Profits under the microscope

SSE is a profitable business. That is, it brings in more income than it pays out in costs. For most companies, that is the accepted goal – after all, you can’t run a business at a loss, or at least not for long.

But it’s not quite as straightforward when a company makes its money from providing something that people cannot live without.

We understand that the profit we make selling energy to households must be fair and sustainable. And today, as we publish our full-year results, our profits will be under the microscope once more.

This morning we announced that, as a Group, SSE’s adjusted profit before tax was just over £1.4bn for the 2012/13 financial year. It is a very large number, and will no doubt generate further media and perhaps political debate about what constitutes an appropriate level of profit. However, it does not tell the whole story and I would like to point out a few things that may not feature in the headlines but will help put the numbers into context.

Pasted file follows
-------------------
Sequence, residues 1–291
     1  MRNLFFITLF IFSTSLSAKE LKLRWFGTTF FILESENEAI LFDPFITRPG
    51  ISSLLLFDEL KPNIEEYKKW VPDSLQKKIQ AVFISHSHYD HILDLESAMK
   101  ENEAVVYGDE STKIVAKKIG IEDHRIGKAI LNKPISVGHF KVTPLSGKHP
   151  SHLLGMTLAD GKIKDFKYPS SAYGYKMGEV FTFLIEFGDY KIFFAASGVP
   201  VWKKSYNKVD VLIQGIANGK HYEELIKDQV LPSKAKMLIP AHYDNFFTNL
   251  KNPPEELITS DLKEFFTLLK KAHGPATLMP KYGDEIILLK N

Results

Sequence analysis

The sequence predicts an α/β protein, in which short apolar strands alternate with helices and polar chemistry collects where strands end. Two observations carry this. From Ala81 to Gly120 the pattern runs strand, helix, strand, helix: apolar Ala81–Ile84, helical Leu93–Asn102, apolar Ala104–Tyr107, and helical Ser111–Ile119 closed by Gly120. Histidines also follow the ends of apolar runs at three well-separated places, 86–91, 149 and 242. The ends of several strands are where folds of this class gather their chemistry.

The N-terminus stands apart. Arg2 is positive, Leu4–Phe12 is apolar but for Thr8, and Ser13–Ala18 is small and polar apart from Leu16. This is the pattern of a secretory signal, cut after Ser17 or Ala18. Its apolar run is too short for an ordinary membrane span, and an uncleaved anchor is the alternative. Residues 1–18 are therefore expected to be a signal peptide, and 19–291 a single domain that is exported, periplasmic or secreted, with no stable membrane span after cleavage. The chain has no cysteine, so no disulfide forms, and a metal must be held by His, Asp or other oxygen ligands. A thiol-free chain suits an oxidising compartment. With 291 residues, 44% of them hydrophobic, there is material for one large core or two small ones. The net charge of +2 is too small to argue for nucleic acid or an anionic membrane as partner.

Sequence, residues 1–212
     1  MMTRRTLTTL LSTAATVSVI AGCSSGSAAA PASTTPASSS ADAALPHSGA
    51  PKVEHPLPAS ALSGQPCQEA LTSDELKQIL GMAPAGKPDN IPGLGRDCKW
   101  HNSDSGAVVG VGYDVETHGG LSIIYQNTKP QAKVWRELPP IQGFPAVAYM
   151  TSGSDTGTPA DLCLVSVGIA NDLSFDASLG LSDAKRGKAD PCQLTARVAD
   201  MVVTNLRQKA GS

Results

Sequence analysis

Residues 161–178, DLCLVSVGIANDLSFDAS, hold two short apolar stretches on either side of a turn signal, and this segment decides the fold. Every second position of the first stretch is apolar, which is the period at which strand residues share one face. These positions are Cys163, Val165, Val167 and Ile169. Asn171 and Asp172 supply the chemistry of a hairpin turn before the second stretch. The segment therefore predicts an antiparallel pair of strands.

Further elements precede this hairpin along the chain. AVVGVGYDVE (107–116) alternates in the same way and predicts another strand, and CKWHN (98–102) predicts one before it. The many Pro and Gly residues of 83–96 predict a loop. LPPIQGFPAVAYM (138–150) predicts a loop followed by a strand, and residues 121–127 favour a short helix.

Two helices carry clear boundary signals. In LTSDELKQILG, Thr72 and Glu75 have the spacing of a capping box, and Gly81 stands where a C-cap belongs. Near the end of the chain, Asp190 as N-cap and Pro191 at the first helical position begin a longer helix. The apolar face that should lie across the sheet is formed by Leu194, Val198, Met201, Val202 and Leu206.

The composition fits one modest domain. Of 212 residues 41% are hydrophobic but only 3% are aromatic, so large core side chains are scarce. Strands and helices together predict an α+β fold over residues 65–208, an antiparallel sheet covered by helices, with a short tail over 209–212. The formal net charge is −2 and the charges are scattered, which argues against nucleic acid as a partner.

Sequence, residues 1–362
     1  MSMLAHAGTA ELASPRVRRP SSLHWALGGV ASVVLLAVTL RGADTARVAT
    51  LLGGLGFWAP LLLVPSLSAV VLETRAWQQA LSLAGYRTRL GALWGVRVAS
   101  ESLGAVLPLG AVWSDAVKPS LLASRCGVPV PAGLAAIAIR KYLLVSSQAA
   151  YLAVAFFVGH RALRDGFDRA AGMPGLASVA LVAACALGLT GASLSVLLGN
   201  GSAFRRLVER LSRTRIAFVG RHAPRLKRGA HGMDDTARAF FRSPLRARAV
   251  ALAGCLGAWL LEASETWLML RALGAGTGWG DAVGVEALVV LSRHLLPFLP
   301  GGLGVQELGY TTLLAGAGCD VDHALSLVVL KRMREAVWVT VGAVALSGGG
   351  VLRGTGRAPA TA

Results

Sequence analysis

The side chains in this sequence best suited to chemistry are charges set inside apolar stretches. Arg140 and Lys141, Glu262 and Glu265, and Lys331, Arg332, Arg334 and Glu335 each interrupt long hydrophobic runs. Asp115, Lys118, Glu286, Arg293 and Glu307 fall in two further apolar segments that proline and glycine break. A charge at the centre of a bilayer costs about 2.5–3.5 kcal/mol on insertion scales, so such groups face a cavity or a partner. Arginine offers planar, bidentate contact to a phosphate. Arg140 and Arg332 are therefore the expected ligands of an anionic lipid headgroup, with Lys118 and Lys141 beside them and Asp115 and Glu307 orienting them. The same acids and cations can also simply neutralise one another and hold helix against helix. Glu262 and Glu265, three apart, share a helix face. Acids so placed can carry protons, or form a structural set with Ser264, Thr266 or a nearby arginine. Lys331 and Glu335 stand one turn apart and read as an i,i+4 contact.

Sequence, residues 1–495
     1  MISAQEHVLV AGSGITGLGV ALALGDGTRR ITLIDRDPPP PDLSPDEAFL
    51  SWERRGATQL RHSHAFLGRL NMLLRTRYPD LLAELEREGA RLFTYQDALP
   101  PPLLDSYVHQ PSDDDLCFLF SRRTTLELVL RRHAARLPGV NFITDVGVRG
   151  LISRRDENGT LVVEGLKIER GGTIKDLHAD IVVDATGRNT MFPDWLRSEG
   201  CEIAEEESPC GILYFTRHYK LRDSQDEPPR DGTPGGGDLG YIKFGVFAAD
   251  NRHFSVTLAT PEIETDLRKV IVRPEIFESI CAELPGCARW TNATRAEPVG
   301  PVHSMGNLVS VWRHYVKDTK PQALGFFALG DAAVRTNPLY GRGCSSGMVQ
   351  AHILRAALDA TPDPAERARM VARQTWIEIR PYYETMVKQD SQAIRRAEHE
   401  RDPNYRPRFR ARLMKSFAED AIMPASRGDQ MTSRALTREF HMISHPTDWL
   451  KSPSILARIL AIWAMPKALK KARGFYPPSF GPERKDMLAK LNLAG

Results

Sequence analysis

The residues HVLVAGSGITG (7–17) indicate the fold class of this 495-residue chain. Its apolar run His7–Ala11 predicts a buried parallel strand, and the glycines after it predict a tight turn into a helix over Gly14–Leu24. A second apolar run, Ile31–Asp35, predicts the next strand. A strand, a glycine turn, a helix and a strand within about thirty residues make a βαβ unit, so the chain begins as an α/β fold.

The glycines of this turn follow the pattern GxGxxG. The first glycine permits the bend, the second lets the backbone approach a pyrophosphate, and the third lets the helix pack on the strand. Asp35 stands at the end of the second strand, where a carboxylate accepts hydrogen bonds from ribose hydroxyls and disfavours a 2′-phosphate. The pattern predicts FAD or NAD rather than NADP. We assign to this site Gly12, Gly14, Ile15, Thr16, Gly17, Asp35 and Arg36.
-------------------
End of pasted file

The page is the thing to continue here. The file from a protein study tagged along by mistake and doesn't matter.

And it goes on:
• Our Retail business accounted for just 22.8% of our operating profit.

SSE is a very big company – the 30th largest in the FTSE 100 by market capitalisation. We own and operate power stations, gas fields and energy transportation networks serving much of the south of England and 70% of the land mass of Scotland, as well as operating and maintaining 1.5m street lights, among other things. Retail represents a relatively small part of the company as a whole.

Although the amount of profit we made in our energy supply business increased from £271.7m last year to £364.2m, this was largely because of the unprecedentedly cold winter, which meant people used more energy. Again, this sounds like a large number, but it is within 5% of where it was two years ago. It reflects the exceptional conditions and is the result of serving around 9.5 million customer accounts to the highest standard of all the major suppliers – this year we were ranked number one for customer service by uSwitch for the seventh consecutive year.

• We made a profit margin of just 4.2% supplying energy to customers.